Roller Coaster Physics
Now let's bring it all together to understand how the physics concepts explored in this website relate to roller coasters. Below, there are explanations of the the three main concepts explored on this website and how they relate to roller coasters. It is important to develop an understanding of how these concepts relate and allow roller coasters to function.
The concept of motion is essential in understanding how a roller coaster works. On most roller coasters you must climb a lift hill at the start, this will bring you to the top of the first downward slope. Once you begin to decline down the steep track, you begin to gain speed. Therefore, it can be said that the roller coaster cart is accelerating. As roller coaster cart do not have any engines, they depend on gravity to give them speed. This means that the roller coaster cart accelerates and decelerated due to the force of gravity. When the roller coaster cart travels down hill it accelerates (the velocity increases), and when the roller coaster cart travels up hill it decelerates (the velocity decreases). We are able to calculate the velocity of the roller coaster cart at any time by using the formulas given on the Motion page. The mass of the roller coaster cart will remain constant if the cart is empty; however, as people will be riding into the cart, the mass of the people also needs to be taken into account.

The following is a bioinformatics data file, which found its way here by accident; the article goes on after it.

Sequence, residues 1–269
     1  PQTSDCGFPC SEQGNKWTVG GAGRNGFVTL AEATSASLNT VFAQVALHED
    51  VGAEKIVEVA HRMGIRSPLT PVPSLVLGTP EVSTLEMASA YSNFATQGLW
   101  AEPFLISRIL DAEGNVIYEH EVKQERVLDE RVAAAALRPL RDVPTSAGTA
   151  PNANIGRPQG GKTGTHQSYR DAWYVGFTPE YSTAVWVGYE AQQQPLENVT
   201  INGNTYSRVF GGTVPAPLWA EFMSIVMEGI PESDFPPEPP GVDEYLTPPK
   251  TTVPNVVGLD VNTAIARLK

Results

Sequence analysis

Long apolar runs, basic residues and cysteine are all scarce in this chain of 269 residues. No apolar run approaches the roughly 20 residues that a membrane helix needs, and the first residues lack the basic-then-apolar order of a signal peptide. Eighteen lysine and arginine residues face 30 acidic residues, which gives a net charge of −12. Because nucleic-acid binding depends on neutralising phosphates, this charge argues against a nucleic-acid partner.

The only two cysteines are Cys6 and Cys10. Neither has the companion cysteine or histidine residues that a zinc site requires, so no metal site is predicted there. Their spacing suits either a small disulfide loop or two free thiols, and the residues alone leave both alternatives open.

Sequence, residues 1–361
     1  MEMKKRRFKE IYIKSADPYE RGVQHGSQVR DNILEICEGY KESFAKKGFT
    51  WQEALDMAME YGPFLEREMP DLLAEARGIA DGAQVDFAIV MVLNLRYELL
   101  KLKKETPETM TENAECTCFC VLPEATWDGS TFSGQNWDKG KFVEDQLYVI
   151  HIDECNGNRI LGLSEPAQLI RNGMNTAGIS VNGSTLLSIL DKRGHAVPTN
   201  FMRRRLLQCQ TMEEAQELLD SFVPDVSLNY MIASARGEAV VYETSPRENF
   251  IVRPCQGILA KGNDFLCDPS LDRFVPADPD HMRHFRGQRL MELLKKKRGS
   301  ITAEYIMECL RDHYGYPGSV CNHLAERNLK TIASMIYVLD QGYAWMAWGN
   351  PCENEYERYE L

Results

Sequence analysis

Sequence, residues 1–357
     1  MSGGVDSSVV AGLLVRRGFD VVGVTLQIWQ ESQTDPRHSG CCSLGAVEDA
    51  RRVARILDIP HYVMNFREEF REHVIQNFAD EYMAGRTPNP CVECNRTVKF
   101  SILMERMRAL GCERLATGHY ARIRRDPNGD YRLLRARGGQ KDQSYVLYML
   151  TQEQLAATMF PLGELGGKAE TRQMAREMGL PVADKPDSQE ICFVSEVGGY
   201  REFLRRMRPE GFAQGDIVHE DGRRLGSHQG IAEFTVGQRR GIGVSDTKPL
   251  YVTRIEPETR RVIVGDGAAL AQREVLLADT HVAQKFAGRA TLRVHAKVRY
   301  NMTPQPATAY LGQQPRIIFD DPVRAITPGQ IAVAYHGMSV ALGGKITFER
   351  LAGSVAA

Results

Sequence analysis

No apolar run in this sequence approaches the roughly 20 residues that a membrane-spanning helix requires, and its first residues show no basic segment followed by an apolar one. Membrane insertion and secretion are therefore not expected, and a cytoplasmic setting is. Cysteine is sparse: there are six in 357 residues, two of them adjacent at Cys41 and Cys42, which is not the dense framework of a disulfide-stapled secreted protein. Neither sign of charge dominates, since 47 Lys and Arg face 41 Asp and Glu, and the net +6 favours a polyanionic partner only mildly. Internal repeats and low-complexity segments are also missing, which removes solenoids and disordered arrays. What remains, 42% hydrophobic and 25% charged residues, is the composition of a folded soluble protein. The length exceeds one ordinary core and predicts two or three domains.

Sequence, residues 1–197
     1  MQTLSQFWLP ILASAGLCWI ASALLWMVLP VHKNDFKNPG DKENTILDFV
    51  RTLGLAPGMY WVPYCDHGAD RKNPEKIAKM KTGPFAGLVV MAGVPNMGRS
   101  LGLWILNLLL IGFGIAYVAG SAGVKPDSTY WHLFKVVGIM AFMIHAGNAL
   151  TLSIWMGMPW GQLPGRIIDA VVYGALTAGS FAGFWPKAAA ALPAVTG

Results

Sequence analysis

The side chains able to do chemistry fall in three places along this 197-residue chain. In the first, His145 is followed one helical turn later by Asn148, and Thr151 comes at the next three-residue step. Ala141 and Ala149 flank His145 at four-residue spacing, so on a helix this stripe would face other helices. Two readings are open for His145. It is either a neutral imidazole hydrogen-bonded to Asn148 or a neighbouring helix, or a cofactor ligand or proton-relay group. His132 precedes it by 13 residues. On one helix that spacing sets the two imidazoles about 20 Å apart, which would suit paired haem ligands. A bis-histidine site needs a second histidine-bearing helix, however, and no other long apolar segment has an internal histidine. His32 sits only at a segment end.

Energy is also another essential concept needed in the understanding of how roller coasters work. Most roller coasters include many hills in the tracks. When the roller coaster cart is at the very top of one of these hills, the potential energy of the cart is at its maximum while the kinetic energy of the cart is at its minimum. Again, as roller coaster carts do not have any engines, they rely on the force of gravity to give them energy and motion. Therefore, it can be said that the roller coaster cart gains gravitational potential energy as it travels up a hill while losing kinetic energy. Also, as the roller coaster cart travels down a hill in the track it loses gravitational potential energy, but gains kinetic energy. The kinetic energy of the roller coaster cart is at is maximum when the cart has reached the bottom of the hill. This also means that at the bottom of the hill the gravitational potential energy is at its minimum. Both the gravitational potential energy and the kinetic energy of the roller coaster cart can be calculated at any piont on the roller coaster track by using the formulas given on the Energy page.
Force is required to act upon an object in order to move it, such as the force required to puch a rollercoaster along a track. The understanding of forces also enables the designers of roller coasters to create thrilling rides, but keep the g-forces involved at a safe level in order to not harm the riders. The knowledge of the forces involved in roller coasters is as much about thrill as safety, and therefore is of paramount inportance when designing a roller coaster. For more on forces, visit the Force page.
Explore the materials below to learn more about the physics of roller coasters. You may use as many or as little of the resources as you like. Work at your own pace and feel free to discuss what you find with your team members and classmates.